Good news! After many years of negotiations, bidding, and re-bidding, the Falls of Clyde International of Scotland have been awarded possession of the world's last-surviving wind-powered barque.
She will be taken to Scotland, where she was built in 1878, aboard a float on/float off ship, such as carried the USS John McCain (DDG-56) home for repairs after it was struck by a tanker off the coast of Singapore in 2017.
Once in her new home, the Falls of Clyde will be restored. Her last restoration was done in Hawaii in the 1970s. We saw her looking glorious in "Small Potatoes" and M Station: Hawaii. Strong sunlight, high winds, and the passage of time have damaged her almost beyond recognition.
The effort to move Falls of Clyde to Scotland began when the Bishop Museum said they no longer wanted her and said they planned to move her offshore and to scuttle her. Needless to say, public outcry arose, and efforts began to find a way to save her. Local efforts failed to raise the necessary funds to move her from Honolulu Harbor and to a place where she could be dry docked for repairs. After several years, the Falls of Clyde International was formed to help generate international interest in saving the ship. After many delays and complications, they finally have accomplished the mission by showing that Falls of Clyde not only can be restored; she can be put to work as a teaching ship, teaching the world that shipping can take place using wind power and solar power, without the use of fossil fuels. Plans are for her to sail again, visiting countries around the world -- perhaps, even, giving a wave to her fans in Hawaii!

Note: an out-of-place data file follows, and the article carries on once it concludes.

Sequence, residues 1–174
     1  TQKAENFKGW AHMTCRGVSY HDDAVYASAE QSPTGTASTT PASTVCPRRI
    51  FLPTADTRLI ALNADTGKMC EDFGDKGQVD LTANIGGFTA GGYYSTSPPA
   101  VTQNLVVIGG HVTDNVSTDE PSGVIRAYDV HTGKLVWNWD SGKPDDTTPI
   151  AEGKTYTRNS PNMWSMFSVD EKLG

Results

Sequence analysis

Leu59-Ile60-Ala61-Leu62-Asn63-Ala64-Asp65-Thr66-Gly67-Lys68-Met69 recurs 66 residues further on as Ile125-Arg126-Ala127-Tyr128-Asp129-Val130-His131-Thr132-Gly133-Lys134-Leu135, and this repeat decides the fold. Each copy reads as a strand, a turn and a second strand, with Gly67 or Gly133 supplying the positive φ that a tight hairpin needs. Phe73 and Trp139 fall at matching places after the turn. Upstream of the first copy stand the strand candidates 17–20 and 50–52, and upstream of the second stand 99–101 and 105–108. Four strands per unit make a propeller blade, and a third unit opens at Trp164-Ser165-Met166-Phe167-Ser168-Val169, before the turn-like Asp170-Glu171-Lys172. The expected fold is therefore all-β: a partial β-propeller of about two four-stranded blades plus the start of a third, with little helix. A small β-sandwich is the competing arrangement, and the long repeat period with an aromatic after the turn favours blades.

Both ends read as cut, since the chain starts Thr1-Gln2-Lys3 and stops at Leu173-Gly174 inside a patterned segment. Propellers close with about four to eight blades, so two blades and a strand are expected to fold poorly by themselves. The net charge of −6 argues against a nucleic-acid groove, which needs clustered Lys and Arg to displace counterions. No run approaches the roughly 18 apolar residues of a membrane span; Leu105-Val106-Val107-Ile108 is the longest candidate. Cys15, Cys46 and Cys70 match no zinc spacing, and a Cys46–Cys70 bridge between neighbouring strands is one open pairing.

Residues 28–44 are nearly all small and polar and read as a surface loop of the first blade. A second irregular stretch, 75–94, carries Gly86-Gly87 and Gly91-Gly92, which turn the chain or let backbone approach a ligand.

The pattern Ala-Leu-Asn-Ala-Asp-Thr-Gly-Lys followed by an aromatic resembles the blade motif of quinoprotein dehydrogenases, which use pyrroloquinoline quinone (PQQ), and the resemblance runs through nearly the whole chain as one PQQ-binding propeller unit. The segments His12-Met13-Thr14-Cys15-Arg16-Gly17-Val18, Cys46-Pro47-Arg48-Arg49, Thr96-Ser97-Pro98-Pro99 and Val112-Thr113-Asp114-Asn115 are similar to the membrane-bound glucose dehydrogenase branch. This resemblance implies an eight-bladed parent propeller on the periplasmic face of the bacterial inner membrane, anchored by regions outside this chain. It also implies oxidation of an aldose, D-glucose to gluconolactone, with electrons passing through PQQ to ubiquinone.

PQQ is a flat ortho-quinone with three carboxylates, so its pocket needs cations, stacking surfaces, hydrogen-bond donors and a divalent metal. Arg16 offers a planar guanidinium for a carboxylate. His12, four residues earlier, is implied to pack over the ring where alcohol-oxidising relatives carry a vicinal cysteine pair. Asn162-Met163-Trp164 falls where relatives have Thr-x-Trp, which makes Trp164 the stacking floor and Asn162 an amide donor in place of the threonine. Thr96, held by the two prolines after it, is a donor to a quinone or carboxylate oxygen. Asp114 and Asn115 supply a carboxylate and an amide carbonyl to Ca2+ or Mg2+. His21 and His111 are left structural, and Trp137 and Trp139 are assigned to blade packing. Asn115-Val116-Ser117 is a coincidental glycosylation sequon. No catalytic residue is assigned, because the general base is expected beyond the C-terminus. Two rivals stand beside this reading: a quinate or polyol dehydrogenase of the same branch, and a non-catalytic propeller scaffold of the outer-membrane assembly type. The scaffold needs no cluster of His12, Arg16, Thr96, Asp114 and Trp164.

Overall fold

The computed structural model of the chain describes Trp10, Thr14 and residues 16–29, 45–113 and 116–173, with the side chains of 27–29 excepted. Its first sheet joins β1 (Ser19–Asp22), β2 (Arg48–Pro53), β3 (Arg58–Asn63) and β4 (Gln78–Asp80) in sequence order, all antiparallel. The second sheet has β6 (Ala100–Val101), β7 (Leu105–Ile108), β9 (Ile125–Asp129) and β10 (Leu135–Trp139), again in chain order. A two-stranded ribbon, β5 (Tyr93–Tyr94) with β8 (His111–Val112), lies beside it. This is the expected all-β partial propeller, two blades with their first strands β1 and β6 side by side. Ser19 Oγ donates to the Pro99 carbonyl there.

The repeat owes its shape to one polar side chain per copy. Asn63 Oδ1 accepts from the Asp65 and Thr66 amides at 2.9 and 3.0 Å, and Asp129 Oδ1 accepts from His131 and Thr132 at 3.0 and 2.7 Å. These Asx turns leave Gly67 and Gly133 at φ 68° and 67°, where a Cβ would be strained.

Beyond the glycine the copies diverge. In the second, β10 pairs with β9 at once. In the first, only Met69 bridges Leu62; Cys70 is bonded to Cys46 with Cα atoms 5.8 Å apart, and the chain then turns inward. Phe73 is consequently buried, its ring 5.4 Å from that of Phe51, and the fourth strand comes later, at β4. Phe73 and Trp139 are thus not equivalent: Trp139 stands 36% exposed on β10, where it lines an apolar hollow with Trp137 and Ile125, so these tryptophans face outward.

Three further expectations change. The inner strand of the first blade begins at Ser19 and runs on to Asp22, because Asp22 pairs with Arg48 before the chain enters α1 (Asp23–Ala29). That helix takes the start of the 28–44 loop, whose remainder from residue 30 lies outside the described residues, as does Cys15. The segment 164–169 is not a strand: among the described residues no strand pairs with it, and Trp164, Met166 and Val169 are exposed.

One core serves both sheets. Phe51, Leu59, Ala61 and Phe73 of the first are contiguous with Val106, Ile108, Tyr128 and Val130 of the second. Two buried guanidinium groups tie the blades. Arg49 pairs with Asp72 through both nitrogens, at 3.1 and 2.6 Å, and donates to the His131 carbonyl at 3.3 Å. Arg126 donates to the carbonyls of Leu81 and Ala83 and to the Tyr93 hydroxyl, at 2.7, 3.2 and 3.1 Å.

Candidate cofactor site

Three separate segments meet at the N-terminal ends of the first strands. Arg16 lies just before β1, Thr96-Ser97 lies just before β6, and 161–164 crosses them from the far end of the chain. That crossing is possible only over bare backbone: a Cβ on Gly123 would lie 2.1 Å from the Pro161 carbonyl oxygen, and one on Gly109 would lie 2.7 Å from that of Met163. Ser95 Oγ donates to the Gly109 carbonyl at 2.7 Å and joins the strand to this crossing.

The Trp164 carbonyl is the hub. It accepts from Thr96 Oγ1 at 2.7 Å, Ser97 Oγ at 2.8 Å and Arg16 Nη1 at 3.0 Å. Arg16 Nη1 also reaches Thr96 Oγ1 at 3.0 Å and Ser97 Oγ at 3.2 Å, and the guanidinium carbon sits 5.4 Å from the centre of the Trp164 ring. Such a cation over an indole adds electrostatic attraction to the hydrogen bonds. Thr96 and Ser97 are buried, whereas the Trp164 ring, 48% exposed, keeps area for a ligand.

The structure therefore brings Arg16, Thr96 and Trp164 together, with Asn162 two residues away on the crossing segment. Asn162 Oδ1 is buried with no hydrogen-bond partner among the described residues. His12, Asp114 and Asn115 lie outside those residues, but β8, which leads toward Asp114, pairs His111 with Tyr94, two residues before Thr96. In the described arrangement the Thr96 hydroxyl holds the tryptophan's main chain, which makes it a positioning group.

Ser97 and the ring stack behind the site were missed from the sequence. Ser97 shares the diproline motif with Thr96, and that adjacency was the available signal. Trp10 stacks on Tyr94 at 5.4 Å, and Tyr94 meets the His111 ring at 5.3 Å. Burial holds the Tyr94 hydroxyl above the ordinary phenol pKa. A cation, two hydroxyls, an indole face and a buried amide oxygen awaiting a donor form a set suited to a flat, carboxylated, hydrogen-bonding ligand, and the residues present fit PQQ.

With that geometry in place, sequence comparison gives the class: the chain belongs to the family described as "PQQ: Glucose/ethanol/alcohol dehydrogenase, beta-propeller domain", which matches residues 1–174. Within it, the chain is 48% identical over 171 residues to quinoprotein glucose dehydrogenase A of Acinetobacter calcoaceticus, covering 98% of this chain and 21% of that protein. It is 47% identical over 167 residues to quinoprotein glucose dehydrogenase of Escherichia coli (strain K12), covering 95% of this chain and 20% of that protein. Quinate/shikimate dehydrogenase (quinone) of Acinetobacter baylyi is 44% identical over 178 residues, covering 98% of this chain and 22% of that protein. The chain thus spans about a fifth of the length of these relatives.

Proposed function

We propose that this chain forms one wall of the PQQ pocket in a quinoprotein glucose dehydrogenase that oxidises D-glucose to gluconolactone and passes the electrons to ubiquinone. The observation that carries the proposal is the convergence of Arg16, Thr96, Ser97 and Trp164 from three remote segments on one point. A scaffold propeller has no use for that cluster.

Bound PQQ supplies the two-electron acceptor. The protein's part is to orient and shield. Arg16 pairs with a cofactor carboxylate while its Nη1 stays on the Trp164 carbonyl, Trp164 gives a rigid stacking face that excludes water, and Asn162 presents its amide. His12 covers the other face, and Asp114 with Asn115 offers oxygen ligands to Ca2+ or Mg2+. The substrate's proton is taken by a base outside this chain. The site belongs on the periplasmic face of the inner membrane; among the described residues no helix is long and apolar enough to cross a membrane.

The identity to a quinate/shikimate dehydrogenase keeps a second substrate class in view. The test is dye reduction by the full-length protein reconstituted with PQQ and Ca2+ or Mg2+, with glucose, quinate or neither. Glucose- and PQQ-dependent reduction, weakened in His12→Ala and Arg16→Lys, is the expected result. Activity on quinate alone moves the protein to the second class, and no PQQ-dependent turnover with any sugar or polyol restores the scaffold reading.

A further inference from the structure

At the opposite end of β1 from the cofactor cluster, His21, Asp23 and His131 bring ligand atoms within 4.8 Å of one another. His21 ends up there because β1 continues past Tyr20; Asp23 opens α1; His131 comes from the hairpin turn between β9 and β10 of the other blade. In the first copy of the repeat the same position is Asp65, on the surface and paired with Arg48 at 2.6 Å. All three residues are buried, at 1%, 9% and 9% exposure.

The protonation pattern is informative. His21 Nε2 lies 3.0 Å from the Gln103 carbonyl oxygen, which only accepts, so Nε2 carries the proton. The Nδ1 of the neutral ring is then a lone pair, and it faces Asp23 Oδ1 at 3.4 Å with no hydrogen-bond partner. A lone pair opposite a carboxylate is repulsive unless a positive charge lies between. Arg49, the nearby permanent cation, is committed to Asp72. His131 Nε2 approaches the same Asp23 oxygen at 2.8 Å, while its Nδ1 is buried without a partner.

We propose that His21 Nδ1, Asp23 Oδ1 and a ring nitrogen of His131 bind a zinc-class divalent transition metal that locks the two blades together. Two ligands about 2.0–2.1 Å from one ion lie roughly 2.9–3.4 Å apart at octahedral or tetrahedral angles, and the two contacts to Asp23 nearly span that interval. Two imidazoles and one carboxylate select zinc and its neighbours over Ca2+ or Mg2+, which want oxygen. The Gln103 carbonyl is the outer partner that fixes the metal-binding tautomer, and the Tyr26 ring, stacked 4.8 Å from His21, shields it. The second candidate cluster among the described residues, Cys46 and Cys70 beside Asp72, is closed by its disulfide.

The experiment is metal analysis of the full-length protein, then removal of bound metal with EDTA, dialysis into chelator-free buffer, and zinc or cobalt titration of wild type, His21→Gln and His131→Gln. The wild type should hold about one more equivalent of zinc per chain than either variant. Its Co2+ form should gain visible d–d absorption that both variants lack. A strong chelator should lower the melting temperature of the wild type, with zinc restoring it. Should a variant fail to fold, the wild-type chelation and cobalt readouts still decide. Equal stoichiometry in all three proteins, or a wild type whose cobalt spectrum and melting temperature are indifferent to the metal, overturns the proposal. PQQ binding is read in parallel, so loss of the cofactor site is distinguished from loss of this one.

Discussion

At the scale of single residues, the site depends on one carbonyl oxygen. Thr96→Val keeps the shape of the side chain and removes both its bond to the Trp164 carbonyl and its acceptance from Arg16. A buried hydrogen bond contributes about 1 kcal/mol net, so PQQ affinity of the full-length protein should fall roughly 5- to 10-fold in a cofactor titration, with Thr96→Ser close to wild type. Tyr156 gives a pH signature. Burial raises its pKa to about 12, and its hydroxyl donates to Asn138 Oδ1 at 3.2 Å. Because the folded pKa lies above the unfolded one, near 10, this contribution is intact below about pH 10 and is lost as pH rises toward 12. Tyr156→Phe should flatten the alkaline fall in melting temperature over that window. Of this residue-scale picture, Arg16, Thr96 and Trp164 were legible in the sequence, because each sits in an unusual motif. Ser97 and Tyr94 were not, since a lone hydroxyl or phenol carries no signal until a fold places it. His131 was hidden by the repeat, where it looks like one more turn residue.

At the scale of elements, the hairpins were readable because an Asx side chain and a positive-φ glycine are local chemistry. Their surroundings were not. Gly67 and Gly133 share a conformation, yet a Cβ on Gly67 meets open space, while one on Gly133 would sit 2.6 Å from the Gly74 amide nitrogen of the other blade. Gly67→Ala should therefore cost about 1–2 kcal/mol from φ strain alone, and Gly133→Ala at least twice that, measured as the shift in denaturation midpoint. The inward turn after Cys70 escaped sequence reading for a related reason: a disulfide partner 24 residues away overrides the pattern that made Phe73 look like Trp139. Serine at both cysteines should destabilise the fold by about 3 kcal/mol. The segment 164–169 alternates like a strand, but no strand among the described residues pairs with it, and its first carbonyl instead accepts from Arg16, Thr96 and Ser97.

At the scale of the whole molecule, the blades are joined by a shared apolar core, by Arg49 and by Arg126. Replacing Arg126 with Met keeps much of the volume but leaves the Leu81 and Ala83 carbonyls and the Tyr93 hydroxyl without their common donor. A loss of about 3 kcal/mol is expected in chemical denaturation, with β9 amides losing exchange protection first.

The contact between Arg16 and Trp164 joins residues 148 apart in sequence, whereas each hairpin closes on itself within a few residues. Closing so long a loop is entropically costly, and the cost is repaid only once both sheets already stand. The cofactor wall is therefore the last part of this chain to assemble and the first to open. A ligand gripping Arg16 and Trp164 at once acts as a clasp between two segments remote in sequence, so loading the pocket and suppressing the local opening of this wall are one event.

We've been watching this story unfold for more than ten years and will continue to do so as Falls of Clyde's history moves forward, into the 21st century. Don't you know Jack would be on deck, celebrating, if he were here!